“Individually targeted advertising is becoming an increasingly prevalent tactic on the web, so social networking sites could target their privacy advertising at their users they know to be under 18.

“At the end of the day, choice would still be with the user – but at least they would be better informed.”


For more information contact: Sarah Lee :: 0131 225 3875 :: 077 66 542110 ::


User Vision is one of Europe’s leading independent user experience consultancies, specialising in usability testing, web accessibility, eye tracking, user needs assessments and expert usability evaluations. The company tests and improves usability across many platforms including websites, interactive TV, software, mobile phones and keyboards. As well as offline advertising, TV commercials, shop layouts and computer games.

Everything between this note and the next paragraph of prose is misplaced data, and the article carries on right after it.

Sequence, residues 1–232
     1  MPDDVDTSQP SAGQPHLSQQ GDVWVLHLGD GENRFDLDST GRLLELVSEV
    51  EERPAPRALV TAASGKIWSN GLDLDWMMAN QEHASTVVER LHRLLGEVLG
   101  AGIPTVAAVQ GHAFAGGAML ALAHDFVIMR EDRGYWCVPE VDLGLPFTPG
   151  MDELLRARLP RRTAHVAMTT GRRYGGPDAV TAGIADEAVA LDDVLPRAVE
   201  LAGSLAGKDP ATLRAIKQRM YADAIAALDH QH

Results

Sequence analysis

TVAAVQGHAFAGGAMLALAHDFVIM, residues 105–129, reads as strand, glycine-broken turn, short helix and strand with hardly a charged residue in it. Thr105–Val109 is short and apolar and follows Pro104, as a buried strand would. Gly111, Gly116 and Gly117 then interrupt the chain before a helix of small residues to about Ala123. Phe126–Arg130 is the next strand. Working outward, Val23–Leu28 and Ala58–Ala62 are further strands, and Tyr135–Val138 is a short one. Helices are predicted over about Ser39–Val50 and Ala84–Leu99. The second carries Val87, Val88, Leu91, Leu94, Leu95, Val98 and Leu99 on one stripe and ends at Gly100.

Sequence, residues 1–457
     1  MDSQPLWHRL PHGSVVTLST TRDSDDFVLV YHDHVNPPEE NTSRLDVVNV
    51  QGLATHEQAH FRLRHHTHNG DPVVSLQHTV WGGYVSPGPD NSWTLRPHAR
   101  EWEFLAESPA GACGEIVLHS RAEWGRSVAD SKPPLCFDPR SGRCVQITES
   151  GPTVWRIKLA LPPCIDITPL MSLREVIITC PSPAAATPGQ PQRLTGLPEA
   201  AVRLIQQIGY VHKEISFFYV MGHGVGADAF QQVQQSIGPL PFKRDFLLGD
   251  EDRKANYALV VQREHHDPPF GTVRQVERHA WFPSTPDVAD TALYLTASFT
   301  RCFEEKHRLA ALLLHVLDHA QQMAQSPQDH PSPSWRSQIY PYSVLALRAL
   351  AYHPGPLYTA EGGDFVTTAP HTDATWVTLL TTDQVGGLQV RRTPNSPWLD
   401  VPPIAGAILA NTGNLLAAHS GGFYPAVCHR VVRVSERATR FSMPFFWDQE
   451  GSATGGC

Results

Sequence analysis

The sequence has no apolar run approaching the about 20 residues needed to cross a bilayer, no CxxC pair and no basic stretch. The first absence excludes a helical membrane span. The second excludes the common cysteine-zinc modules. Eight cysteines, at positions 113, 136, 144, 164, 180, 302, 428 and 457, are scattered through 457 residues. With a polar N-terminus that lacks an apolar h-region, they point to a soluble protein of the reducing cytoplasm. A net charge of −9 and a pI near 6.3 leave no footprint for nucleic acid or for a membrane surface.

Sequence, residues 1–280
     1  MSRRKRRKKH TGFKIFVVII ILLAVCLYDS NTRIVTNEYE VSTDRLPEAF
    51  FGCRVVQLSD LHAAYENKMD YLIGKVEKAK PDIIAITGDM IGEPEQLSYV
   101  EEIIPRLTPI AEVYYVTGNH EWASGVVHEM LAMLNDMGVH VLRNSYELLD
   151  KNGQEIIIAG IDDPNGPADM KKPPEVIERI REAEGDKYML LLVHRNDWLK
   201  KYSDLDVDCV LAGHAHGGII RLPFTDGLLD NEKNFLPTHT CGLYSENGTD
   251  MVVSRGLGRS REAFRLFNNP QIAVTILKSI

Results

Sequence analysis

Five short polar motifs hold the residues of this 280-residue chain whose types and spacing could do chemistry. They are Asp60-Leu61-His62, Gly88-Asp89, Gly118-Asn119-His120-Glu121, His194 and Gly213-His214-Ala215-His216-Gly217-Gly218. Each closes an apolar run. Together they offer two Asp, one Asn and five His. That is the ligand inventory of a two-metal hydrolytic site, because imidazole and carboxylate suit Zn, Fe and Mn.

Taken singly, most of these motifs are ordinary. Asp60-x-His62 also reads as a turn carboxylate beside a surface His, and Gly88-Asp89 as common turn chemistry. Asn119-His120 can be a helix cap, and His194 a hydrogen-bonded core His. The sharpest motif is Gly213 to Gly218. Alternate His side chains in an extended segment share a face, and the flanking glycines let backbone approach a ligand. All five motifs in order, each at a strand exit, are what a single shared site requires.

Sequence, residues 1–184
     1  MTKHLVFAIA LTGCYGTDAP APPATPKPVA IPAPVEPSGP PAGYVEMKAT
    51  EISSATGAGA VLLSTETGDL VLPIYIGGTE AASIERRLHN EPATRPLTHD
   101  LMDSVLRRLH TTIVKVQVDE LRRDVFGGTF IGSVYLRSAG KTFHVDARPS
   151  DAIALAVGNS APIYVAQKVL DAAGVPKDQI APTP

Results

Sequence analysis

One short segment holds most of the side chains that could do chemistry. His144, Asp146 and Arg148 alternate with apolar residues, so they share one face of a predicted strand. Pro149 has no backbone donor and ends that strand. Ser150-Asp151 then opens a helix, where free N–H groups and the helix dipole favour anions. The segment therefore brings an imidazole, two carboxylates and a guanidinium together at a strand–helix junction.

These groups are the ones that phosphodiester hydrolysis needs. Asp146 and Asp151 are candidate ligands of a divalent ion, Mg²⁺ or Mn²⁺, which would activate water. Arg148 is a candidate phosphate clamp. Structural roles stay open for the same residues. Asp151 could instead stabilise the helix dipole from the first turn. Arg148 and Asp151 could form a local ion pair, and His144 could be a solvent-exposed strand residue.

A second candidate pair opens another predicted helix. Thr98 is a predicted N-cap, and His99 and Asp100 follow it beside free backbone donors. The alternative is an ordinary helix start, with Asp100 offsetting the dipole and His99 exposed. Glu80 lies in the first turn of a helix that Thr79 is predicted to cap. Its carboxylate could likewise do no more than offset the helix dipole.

At the heart of User Vision’s work lies the basic concept that a product that is easy to use gives a business competitive advantage. The company takes a straightforward, practical approach to user needs analysis, problem solving and usability testing, leading to effective design solutions.

Launched in 2000, User Vision has grown organically and remains free from venture capital. The company has pioneered usability and accessibility for many years working with organisations like the BBC, HSBC, Nokia and the DTI. Operating internationally in Dubai, Spain, France, Belgium, Luxembourg, Germany, the UK and Ireland, User Vision is a powerful, independent force in usability and accessibility.

Published on: 12:00AM on 13th December 2007